Echinacea belongs to the plant family Asteraceae, this would tell us that this is a wide spread plant and falls into the aster, daisy, composite, sunflower family. The Asteraceae family is one of the largest angiosperm plant families rich in first aid plants, which echinacea demonstrates well.
The common species of Echinacea that are used medicinally are:
Echinacea angustifolia - narrow-leaved coneflower
Echinacea pallida - pale purple coneflower
Echinacea purpurea - purple coneflower, eastern purple coneflower
Habitat & Cultivation:
Echinacea typically grows in the prairies and well-drained wooded area (the Midwest/Great Plains). It grows in full sun or partial shade, and prefers fertile, well-drained, high-lime loam (soil of clay and sand).
Root: As hydroethanolic extract or hydroethanolic extract (tincture). Helpful for acute stage of infections. Immunostimulating: increases inflammatory response, prepares initial immune response. Roots can take a long time before they can be harvested, about 3 years of growth (Buhner, 2012). The root are best harvested in the fall, when the leave are brownish color.
Aerial parts: Water extracts, infusions and decoctions. Hydroethanolic extracts also effective as immunostimulant. Immunomodulating: Modifies and regulates immune function. Decrease when overactive and increase when deficient. Aerial Parts. The flower part of the plant can be harvested during any season.
antimicobial (antibacterial & antiviral)
Mild lymphatic stimulant
Echinacea is “indicated primarily for the prevention and treatment of acute infections, particularly colds, influenza, and other acute respiratory tract infections, in which it reduces both the duration and severity of symptoms” (Hoffman, 2003, p. 545).
It has been used to treat variety of both bacterial and viral infections, including boils, sepsis, upper respiratory tract infections, tonsillitis, as a mouthwash for gingivitis, or applied topically to sores and cuts (Hoffman, 2003).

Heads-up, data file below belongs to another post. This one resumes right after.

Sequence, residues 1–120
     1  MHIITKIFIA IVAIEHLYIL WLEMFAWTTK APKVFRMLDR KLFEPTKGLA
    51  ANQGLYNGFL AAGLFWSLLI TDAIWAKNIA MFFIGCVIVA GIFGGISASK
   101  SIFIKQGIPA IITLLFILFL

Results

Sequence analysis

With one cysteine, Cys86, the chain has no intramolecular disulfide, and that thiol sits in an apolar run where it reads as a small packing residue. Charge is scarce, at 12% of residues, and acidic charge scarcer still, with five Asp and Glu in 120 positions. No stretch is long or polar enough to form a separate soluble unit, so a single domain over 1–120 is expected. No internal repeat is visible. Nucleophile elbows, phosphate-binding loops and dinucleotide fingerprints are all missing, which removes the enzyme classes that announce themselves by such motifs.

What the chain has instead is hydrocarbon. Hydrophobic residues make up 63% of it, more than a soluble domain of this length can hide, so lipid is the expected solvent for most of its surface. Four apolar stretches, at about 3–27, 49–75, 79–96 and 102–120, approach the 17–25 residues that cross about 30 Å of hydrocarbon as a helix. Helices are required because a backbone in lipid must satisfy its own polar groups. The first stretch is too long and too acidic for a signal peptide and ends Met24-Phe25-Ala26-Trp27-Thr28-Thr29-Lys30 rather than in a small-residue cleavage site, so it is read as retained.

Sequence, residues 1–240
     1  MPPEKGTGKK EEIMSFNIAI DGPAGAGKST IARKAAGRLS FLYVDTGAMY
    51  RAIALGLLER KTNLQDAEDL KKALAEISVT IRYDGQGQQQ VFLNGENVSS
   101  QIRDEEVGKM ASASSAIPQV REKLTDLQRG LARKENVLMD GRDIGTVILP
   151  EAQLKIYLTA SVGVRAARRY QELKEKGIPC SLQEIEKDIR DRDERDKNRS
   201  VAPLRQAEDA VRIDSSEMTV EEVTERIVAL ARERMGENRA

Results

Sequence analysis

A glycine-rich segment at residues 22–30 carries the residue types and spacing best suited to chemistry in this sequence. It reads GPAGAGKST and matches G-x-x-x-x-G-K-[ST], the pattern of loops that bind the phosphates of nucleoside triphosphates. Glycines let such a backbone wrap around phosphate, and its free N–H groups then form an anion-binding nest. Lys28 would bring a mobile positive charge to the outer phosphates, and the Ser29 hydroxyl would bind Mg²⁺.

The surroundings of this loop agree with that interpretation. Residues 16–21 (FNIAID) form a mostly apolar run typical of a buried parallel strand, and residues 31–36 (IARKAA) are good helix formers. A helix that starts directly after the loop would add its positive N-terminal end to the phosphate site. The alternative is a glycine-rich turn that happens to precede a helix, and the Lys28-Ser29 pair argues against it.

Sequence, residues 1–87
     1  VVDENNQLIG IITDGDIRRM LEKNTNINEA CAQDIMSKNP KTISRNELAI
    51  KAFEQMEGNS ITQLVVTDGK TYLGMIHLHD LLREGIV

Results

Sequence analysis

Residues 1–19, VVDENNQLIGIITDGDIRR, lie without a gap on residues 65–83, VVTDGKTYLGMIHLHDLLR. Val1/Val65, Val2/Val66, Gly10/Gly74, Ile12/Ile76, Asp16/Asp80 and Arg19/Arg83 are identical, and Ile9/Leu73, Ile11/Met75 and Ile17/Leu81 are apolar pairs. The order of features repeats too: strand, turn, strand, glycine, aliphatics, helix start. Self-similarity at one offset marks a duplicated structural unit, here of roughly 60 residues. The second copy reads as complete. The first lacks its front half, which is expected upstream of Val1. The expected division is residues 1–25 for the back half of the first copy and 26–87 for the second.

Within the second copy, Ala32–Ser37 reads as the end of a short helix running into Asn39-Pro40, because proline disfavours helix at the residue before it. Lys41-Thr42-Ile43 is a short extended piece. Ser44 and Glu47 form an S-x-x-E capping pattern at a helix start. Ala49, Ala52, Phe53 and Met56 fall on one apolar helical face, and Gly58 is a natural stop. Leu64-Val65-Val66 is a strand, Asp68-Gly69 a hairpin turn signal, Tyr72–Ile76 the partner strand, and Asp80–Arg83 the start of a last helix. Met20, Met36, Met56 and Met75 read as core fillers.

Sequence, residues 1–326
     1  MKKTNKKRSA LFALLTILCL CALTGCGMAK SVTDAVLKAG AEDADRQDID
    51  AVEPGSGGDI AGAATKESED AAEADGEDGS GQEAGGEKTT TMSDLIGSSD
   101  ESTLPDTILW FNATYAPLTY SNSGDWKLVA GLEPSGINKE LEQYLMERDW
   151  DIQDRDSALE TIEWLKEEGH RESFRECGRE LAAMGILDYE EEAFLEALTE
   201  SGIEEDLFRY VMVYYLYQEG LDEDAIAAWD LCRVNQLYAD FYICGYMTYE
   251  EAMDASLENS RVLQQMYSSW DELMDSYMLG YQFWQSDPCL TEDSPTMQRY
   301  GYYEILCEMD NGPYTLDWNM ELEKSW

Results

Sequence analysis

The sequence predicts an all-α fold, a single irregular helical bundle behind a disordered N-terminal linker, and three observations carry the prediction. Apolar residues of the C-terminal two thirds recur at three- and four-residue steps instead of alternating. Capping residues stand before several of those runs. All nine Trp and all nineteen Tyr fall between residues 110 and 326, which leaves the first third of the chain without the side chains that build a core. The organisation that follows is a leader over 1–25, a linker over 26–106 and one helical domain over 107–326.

Postpartum indications for internal use of root: infections, esp mastitis, perineal infections, uterine infections, URI. Indications for internal use of aerial parts: frequent infections, immune dysfunction
Echinacea is contraindicated for immunocompromised people or people on immunosuppressant medication. Those with severe seasonal or pollen allergies may be at greater risk for an allergic reaction to the aerial parts of Echinacea (Mills & Bone, 2005).
The system affinities for Echinacea include: Lungs (respiratory), liver and stomach (Digestive), Immune
Echinacea is stimulating and active. By that I mean that it helps move the process of our immune response forward and redistributes energy. Echinacea also acts by cooling down and drying wounds, infections, and inflammation.
So hot, stagnant constitutions would benefit (infection).
Cool, dry constitutions would not benefit (so maybe someone who is susceptible to dry, cold skin may feel those qualities are exasperated? Or even dry, cool emotions, like loneliness.)
Safety Class: 1
Interaction Class: A
Contradictions: none known
Side Effects: Allergic reactions
There is limited human data on echinacea; there is no indication of any safety concerns
I love having echinacea as a tea, we also take the supplements regularly to boost our immune system. I love the way it makes my body and mind refreshed. I have noticed it shortening any viruses or bacterial infections that my family has
Hoffman, D. (2003). Medical Herbalism. Healing Arts Press: Vermont.
Mills, S., & Bone, K. (2005). The Essential Guide to Herbal Safety. St. Louis, MO: Elsevier Churchill Livingstone.
Romm, A. (2010). Botanical medicine for women's health. St. Louis, Mo: Churchill Livingstone/Elsevier.
Weed, S. (1986). Wise Woman Herbal for the Childbearing Year. Woodstock, NY: Ash Tree Publishing.
Echinacea (Echinacea purpurea)